PURPLE HINGED ROCK SCALLOP (CRASSADOMA GIGANTEA)
Purple Hinged Rock Scallops (Crassadoma gigantea) have a large geographical range. They can be found from the coast of northern Mexico to northern Alaska. Rock scallops use external fertilization to spawn. After the egg is fertilized, it goes through multiple planktonic stages and then metamorphosizes into its benthic life stage as a juvenile. Once a scallop reaches its juvenile stage, it can use its abyssal threads to attach to hard substrate. At this stage, it can still detach and swim to new locations but once it reaches the end of its juvenile stage it permanently cements itself to a rock or other hard substrate. The rock scallop will spend the remainder of its life in that once location unless physically removed by an external force (i.e. storm or predator).
The Purple Hinged Rock Scallop is a prized harvest for commercial and recreational divers in southeast Alaska. In an effort to diversify shellfish mariculture in Alaska APMI has been developing hatchery techniques to produce juveniles for trial grow out for perspective famers. PHRS have a large abductor muscle considered a delicacy which commands a high price in white table cloth restaurants. Very few hatcheries have enjoyed the success of APMI in culturing the juveniles and because of the high costs of production and uncertainty of grow out success PHRS have not been widely tested by Aquatic Farmers.
One of the challenges of PHRS is their capacity to adhere by "cementing" to substrates for their final stage of growing to maturity and harvest. This requires an extra step in culture by "freeing them" when this occurs or alternatively sacrificing culture gear for grow out. Other unique observations at APMI is the protracting of larvae culture over several months for portions of a cohort making hatchery processes cumbersome. PHRS as a mariculture product needs additional work into maximizing hatchery production and developing grow out technologies.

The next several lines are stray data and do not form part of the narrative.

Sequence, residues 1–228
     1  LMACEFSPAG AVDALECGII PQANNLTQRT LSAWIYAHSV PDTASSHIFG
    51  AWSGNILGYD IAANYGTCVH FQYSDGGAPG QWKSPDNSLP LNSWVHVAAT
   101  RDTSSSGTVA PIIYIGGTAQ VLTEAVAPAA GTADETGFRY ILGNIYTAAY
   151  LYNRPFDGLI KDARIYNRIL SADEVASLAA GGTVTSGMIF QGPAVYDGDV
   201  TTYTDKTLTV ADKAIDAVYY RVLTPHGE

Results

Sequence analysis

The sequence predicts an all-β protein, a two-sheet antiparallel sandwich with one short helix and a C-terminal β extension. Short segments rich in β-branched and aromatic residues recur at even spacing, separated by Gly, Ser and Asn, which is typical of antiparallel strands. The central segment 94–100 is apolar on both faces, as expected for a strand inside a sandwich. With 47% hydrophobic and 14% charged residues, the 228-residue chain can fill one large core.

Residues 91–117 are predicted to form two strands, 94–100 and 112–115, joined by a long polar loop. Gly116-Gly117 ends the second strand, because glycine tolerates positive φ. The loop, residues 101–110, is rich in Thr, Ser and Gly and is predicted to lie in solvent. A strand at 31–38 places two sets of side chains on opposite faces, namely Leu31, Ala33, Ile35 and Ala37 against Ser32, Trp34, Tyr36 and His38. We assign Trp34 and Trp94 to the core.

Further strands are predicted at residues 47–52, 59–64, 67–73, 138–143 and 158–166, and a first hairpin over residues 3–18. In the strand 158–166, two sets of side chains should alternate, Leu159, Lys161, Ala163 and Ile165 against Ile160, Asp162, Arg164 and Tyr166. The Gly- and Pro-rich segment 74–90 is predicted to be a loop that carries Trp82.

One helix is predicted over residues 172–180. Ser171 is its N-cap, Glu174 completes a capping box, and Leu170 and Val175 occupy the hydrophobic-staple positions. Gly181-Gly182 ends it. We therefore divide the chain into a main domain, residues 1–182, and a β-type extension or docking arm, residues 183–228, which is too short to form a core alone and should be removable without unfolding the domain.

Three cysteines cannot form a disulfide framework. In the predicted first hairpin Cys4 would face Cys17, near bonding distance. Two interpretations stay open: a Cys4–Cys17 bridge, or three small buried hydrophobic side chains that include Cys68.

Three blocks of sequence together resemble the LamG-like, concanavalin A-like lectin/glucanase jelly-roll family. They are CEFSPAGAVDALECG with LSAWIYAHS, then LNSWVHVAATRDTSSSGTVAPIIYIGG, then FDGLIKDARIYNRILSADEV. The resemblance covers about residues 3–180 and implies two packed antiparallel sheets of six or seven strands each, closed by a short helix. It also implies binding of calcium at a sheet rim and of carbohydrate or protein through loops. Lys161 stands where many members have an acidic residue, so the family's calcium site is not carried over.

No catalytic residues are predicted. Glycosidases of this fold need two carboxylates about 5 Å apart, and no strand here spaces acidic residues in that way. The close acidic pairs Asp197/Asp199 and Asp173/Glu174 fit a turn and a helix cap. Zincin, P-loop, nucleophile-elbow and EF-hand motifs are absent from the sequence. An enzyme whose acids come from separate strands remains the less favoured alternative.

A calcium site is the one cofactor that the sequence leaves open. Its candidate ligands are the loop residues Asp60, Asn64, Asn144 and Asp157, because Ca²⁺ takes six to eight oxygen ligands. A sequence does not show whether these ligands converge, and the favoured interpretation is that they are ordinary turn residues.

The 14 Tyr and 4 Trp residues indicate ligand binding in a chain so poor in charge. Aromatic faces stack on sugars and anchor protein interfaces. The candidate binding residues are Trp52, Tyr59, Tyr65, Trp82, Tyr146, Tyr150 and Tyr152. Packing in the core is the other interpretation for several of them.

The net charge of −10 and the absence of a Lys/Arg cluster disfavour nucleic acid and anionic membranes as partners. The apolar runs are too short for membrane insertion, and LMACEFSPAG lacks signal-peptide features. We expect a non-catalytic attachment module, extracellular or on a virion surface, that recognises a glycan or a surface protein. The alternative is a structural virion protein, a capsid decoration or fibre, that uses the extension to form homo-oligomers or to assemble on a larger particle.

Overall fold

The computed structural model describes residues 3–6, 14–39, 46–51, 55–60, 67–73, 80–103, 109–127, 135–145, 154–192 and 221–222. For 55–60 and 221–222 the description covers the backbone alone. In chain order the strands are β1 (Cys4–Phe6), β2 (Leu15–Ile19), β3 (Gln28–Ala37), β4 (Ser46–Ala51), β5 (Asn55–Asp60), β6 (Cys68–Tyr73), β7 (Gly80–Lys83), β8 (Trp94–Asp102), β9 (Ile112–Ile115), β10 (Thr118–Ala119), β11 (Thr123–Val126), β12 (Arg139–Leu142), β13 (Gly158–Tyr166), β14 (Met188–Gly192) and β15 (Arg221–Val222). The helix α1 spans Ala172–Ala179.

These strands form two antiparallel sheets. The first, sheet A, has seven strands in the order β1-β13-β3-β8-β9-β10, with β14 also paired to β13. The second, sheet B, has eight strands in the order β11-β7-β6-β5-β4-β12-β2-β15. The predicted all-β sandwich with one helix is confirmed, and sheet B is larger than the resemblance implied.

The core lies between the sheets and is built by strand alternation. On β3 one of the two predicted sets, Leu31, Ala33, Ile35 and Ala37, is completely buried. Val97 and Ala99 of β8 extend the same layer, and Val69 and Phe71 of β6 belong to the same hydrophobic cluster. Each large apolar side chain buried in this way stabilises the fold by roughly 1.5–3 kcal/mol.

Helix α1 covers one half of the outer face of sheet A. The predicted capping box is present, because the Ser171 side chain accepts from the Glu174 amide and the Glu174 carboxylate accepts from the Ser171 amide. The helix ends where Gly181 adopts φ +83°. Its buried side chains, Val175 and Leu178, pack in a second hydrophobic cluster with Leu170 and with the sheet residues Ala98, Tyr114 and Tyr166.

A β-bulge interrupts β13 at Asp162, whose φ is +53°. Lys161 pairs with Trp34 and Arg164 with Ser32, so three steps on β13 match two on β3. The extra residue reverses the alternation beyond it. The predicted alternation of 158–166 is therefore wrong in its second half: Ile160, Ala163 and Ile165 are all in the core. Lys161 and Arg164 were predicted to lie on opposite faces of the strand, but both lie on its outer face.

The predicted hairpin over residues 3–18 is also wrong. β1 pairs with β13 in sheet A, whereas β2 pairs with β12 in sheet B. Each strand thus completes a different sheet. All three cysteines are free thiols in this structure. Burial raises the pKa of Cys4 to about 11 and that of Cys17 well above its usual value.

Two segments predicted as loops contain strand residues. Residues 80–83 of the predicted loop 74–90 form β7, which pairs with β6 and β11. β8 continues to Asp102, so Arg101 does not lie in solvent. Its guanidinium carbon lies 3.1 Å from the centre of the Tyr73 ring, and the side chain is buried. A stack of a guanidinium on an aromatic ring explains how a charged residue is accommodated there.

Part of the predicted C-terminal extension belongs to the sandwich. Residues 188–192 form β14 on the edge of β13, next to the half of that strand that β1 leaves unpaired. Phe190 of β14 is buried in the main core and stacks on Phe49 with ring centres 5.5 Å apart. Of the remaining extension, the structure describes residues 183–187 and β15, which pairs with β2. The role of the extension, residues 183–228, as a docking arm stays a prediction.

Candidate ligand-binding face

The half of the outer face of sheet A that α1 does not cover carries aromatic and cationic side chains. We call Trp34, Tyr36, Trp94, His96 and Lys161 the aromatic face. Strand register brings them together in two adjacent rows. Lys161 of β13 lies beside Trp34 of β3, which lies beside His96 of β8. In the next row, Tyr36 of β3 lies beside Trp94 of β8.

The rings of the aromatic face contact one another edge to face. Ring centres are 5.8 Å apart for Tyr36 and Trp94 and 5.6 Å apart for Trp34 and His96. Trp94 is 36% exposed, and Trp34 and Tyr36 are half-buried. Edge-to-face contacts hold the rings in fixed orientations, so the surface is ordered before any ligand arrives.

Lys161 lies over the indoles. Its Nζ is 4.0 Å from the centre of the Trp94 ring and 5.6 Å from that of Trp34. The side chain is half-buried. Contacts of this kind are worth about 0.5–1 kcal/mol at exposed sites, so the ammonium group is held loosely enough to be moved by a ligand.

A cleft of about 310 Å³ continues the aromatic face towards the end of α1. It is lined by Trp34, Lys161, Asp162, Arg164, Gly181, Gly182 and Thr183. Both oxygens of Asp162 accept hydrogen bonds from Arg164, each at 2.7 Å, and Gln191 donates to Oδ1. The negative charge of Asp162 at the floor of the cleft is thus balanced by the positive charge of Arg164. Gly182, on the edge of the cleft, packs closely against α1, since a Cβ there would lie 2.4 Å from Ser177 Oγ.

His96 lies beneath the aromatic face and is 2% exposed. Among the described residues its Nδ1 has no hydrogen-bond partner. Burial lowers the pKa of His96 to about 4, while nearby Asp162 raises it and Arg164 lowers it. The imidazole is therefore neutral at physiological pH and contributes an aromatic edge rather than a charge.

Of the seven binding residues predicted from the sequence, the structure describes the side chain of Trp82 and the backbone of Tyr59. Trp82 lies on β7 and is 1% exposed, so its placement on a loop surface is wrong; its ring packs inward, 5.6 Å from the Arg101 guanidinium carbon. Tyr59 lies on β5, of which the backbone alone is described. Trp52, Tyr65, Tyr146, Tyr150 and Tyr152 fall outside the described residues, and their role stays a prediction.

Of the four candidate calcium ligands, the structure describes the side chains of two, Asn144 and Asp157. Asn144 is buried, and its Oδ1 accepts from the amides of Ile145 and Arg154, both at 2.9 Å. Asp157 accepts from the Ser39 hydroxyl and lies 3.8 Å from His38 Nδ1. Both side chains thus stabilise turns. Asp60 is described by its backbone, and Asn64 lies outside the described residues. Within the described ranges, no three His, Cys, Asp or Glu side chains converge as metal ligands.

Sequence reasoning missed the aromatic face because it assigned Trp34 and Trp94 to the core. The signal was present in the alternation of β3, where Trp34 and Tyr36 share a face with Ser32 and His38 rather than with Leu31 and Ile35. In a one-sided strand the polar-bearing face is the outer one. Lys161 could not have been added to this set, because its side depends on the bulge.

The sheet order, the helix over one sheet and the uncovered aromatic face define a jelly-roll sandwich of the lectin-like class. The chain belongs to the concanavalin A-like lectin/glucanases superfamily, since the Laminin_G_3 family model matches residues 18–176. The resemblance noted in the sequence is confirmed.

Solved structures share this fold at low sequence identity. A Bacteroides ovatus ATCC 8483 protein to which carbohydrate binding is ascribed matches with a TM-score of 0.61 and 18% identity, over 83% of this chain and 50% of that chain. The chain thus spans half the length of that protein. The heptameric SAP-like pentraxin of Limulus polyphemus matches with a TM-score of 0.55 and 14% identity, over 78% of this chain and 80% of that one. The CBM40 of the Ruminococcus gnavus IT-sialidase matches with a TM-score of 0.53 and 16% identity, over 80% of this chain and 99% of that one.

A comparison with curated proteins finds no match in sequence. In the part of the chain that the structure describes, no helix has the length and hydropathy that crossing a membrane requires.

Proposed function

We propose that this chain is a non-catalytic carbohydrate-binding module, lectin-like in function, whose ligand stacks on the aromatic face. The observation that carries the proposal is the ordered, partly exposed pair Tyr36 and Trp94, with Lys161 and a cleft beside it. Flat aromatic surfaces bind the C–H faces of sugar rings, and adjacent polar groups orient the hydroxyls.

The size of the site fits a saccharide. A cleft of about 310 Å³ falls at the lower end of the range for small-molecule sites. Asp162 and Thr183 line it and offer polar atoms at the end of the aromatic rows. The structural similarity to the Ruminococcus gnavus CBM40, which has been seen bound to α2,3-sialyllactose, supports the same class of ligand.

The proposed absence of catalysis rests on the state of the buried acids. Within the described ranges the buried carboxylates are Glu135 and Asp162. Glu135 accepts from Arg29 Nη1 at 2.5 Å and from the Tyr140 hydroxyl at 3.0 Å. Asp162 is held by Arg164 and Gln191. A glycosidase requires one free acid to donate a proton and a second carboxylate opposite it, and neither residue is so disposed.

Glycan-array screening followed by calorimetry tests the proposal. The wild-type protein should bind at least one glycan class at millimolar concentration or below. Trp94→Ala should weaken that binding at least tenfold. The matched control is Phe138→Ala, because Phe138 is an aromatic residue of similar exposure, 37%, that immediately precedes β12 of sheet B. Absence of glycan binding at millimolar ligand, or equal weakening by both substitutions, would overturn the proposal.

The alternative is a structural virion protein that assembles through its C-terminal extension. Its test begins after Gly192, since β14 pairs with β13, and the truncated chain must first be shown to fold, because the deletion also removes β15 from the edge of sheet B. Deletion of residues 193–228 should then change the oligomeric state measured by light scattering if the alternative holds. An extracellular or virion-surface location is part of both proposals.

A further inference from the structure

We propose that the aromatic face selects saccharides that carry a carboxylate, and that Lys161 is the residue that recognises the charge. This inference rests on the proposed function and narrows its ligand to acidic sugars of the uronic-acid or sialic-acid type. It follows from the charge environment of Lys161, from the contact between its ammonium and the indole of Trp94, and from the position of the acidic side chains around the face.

APMI will continue to work on PHRS culture techniques as funding and interest from the aquatic farm industry allow.
ALUTIIQ PRIDE MARINE INSTITUTE PURPLE HINGED ROCK SCALLOP PROJECT
This project was a continuation of the Western Regional Aquaculture Center’s “Profitable and Biosecure Rock Scallop Culture for the West Coast”. The Alutiiq Pride Marine Institute successfully completed its portion of the grant by producing 100,000 juvenile rock scallops (1mm and 5mm). The second component of the grant was to produce seed up to 30mm for the final growout phase. Tom Henderson of Pearl of Alaska conducted the nursery component of the project. In August 2015, 10,000 5+mm rock scallop seed were shipped to Kake and placed in 1.5mm and 3mm pearl nets at a density of 500 per net (20 nets). Mr. Henderson hung the pearl nets on his farm site and sampled bi-monthly for growth and mortality. When the scallops were close to 30mm (past the cementing stage) they were transferred to lantern nets for final grow out.